The Tomb Raider reboot has been about building up Lara Croft from a determined but inexperienced explorer to the hero we know today. During our E3 demo of Shadow of the Tomb Raider, we got to play her as a full-on predator, culminating in a chilling scene that shows her confronting – and dismissing – any remaining fears or lingering insecurities.
Unlike the last demo, which featured a gunfight that didn’t end until either Lara or her Trinity adversaries were dead, today’s demo was more flexible. It’s set in a Peruvian jungle, with multiple routes and paths to explore. Lara moves through a dirt trail, as a radio crackles to live with a warning that “Croft is heading to your location.” She climbs a tree, and sees a trio of enemies below her. Jumping down and taking them out with her knife would be a dangerously stupid thing to attempt, so I draw my bow and fire a new fear arrow into the neck of the closest goon.
The projectile hits its mark with a satisfying “Thwack!” and the victim looks around. He begins firing wildly at his comrades, clearly under its spell, taking them both out. A few seconds later, his panic turns to distress as he finally succumbs to the poison and hits the ground dead. It’s reminiscent of the berserk darts and similar toxins from the Assassin’s Creed games, but that familiarity doesn’t make the effects any less enjoyable. Ahead, I use the same tactic to eliminate a cluster of four enemies. The fear arrows are a limited resource, and they’re also not effective on armored enemies, so I take advantage while I can.
Lara is agile as ever, and climbing trees and getting the drop on enemies remains a solid approach. When a Trinity soldier gets too close to me on a patrol, I use a stealth kill that has Lara fire a rope arrow at him, drop from the tree, and string him up. I’m doing so well that I start to get a little cocky; I try to deactivate a generator while a guard is coming back, and he notices me – even though I stopped by a puddle a bit earlier and covered myself in mud.
The fighters are aggressive and relentless. I try to juke their attacks, but it’s hard to avoid bullets with fancy footwork alone. I do manage to scramble away and backtrack to a vine-covered wall, where I can hide in its greenery. It’s enough to fool the guards into thinking I’m gone for good. That was a mistake. I find a gas can in an elevated spot, and throw it on the ground near several guards. They react the same way they do when I chuck bottles at them: firing blindly at the sound. It’s a fatal error, as their shots detonate the container and the explosion clears out the stragglers.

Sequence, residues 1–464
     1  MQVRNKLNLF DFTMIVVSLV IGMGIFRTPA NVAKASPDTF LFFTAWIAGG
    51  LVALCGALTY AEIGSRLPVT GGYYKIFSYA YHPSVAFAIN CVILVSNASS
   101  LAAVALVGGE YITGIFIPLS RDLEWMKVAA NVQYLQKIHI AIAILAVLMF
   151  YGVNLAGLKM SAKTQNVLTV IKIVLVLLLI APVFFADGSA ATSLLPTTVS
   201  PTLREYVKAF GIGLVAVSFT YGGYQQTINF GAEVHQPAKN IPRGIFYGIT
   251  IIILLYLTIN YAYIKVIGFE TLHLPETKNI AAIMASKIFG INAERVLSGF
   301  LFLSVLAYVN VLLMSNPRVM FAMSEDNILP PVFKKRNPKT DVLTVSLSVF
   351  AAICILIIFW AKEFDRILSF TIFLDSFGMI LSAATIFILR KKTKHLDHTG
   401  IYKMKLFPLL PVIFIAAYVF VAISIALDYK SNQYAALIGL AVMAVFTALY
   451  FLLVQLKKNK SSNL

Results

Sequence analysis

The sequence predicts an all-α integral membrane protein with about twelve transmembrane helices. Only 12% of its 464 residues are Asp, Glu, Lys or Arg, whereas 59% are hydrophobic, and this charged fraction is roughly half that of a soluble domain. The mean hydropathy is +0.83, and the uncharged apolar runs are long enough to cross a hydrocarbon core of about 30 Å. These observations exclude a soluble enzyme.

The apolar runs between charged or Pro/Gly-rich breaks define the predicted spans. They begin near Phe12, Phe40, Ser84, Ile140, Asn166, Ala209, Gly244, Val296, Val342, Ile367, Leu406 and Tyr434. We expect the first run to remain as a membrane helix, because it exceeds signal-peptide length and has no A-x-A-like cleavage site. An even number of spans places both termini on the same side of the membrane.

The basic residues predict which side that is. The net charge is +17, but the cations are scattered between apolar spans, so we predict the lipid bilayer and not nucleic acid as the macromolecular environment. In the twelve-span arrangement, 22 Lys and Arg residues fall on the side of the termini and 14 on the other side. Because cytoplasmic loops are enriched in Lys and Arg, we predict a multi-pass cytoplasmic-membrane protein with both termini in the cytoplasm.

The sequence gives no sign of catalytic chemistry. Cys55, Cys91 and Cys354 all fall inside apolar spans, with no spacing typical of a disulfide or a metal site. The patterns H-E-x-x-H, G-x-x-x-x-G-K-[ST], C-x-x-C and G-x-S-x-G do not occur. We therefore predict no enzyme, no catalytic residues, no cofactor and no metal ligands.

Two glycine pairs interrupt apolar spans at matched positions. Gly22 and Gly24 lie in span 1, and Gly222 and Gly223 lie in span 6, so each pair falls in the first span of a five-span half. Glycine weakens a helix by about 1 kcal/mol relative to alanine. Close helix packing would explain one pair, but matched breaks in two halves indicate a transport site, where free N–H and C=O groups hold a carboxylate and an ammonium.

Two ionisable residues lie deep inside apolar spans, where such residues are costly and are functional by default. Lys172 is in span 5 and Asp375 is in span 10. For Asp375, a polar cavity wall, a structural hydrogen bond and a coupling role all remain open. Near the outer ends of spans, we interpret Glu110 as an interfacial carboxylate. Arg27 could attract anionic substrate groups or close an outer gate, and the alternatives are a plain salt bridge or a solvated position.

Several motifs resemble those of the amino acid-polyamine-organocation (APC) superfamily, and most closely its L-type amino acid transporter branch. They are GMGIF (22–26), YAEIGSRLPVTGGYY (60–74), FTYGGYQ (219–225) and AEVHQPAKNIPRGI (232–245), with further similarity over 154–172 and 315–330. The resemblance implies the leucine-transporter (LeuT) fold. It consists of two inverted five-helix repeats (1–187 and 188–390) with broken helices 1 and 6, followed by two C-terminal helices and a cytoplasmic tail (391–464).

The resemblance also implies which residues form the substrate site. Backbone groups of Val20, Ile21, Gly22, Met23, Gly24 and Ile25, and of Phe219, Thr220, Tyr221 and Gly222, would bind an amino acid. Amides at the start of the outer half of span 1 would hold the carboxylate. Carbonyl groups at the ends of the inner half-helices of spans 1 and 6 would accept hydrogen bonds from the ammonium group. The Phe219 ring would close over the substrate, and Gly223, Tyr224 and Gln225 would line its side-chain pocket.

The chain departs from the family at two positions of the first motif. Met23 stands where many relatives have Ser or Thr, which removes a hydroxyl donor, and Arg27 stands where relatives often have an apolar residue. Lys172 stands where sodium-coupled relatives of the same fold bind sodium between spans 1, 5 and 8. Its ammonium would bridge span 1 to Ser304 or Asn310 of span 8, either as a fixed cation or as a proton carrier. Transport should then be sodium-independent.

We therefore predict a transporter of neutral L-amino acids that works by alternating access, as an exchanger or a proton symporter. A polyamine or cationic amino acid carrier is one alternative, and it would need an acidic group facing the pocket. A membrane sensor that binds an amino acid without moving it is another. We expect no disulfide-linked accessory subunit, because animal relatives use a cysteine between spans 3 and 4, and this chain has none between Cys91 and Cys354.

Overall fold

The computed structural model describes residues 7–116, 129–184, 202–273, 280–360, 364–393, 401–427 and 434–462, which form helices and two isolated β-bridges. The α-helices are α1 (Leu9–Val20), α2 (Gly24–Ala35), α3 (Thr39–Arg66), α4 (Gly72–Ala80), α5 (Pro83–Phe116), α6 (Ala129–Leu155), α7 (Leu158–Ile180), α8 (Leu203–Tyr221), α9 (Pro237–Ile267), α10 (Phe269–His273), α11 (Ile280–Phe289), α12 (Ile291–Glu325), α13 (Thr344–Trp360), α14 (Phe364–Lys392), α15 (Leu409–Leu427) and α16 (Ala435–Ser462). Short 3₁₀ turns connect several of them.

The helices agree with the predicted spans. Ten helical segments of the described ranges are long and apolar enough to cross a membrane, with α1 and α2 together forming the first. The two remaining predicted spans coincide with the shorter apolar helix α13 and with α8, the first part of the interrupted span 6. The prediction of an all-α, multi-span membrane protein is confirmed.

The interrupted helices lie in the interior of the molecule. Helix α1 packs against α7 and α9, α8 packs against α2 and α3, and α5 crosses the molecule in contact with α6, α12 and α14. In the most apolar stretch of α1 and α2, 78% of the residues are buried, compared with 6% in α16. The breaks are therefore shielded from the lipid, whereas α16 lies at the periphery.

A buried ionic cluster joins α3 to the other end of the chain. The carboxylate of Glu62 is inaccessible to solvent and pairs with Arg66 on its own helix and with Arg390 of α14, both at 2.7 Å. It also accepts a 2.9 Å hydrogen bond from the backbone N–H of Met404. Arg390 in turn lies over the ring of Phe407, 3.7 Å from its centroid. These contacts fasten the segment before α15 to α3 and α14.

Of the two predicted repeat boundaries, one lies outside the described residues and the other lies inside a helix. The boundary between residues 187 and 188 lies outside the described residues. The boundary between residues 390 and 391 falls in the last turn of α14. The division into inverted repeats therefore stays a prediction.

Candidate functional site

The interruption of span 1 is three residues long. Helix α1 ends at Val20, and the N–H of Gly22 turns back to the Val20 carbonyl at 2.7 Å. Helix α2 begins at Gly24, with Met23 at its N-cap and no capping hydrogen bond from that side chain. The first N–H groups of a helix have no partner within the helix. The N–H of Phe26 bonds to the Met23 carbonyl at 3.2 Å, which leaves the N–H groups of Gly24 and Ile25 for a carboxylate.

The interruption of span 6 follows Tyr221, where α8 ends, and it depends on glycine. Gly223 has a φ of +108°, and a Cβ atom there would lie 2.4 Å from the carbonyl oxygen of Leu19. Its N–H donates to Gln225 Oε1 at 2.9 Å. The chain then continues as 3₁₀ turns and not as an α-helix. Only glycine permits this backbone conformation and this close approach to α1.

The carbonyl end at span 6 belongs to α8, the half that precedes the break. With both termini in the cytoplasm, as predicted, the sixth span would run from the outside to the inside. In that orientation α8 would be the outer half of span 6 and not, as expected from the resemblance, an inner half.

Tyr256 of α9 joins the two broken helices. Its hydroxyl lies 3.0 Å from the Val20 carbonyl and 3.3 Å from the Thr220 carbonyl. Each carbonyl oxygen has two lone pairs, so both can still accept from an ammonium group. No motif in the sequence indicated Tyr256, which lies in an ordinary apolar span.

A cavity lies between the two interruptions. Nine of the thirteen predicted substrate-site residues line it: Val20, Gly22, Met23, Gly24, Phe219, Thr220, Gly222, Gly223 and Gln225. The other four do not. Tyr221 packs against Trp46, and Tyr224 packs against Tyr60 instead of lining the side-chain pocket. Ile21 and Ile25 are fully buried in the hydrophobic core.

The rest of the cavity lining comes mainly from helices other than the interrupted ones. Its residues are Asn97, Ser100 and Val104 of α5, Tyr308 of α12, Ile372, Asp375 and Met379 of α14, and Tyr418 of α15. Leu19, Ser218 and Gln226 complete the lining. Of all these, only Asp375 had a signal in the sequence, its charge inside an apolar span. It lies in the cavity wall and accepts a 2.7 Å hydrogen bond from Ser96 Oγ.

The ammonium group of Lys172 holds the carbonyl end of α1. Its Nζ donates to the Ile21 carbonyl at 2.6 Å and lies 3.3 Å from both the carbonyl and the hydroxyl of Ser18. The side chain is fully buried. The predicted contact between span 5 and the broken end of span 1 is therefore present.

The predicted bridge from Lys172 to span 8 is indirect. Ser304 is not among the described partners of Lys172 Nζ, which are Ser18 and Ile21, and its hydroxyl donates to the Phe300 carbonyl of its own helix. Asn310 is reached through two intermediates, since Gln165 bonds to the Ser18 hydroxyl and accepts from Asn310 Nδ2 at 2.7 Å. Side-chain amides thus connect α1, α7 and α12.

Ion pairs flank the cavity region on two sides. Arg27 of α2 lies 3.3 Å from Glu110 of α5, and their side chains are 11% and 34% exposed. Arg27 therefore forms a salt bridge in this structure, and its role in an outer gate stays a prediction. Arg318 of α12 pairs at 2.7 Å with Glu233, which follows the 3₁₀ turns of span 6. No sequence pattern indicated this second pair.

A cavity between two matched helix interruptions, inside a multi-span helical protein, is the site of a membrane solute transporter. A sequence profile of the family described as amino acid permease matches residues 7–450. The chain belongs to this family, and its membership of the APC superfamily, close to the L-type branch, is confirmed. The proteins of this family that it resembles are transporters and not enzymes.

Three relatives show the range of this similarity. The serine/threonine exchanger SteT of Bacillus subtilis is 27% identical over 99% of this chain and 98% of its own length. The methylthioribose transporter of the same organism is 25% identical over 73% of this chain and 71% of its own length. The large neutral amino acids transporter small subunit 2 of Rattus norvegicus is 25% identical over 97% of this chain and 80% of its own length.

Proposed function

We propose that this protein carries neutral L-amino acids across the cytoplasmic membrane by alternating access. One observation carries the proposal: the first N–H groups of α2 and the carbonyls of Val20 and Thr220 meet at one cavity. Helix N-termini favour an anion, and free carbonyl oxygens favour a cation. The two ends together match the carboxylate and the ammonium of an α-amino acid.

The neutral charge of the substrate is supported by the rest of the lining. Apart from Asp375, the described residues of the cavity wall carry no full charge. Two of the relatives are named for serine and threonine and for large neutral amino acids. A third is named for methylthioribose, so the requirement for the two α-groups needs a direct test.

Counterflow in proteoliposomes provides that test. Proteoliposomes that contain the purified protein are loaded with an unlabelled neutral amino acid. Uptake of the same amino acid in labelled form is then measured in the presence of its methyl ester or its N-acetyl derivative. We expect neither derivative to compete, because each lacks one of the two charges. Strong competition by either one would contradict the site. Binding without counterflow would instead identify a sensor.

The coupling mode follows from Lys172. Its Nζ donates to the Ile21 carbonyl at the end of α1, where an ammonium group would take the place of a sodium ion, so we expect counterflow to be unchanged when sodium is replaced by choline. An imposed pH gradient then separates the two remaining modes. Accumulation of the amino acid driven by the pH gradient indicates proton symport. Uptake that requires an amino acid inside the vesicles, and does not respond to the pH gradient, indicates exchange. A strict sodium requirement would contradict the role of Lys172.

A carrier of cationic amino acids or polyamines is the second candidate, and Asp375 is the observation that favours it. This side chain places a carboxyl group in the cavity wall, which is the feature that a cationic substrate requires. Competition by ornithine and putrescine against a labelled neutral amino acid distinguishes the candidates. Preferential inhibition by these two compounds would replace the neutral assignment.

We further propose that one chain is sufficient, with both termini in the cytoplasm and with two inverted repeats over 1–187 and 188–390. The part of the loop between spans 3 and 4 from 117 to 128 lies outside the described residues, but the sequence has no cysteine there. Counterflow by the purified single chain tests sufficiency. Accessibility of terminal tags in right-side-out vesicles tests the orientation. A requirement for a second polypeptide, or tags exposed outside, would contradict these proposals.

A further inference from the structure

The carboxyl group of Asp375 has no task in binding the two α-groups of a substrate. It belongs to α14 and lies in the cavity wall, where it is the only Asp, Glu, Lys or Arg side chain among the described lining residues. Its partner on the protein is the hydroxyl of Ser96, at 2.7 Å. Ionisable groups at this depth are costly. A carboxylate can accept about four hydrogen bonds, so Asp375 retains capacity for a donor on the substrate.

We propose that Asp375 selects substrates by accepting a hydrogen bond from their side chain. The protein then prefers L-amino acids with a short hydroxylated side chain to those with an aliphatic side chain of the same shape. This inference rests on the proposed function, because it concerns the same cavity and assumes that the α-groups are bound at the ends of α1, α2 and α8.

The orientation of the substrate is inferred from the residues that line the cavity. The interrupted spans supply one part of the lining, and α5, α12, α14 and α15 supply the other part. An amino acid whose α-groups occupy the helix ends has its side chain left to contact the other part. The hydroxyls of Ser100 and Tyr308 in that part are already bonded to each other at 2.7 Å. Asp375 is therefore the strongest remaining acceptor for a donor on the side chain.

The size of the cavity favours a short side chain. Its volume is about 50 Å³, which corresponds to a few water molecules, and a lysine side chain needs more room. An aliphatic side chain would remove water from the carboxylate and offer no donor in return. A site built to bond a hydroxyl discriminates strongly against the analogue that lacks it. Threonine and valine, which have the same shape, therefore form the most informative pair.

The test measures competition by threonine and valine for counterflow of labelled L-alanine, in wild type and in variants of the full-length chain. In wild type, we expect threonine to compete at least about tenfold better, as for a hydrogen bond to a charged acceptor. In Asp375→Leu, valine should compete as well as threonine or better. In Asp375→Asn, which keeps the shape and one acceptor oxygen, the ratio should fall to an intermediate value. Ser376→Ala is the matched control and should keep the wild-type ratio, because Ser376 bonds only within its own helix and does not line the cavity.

Lara radios for her friend Jonah, and hears an unfamiliar voice. Jonah’s dead, the voice taunts, and his body can be found in the refinery. “I’m coming for you,” she replies.
Lara moves past a gate, and the jungle gives way to a more industrial setting. Steel drums and vehicles are scattered along the path, which leads to the refinery. She’s midway across a bridge when a spotlight blasts on face, mounted on a helicopter. Stealth is no longer an option. An army of Trinity thugs open fire, and an extended platforming sequence begins. We’ve all seen the basic elements here before – collapsing catwalks, rails that bend and swing when grabbed, and death-defying leaps – but the graphical fidelity and effects from the now-flaming refinery keep it exciting.
The demo ends with Lara falling into the water, and her body is limp as it sinks. A montage of audio memories plays; people from her past and Lara herself doubt her resolve. But she refuses to give in. Her eyes open, and she slowly rises from the water, standing tall as walls of flame flicker behind her. A wounded guard is on the dock, and Lara methodically bears down on him, knife ready. It’s a powerful moment, and the screen cuts to black before we see how it ends. I can only imagine it’s not going to be good for him, for Trinity, and possibly for Lara herself.
Look for Shadow of the Tomb Raider on PlayStation 4, Xbox One, and PC on Sept. 14.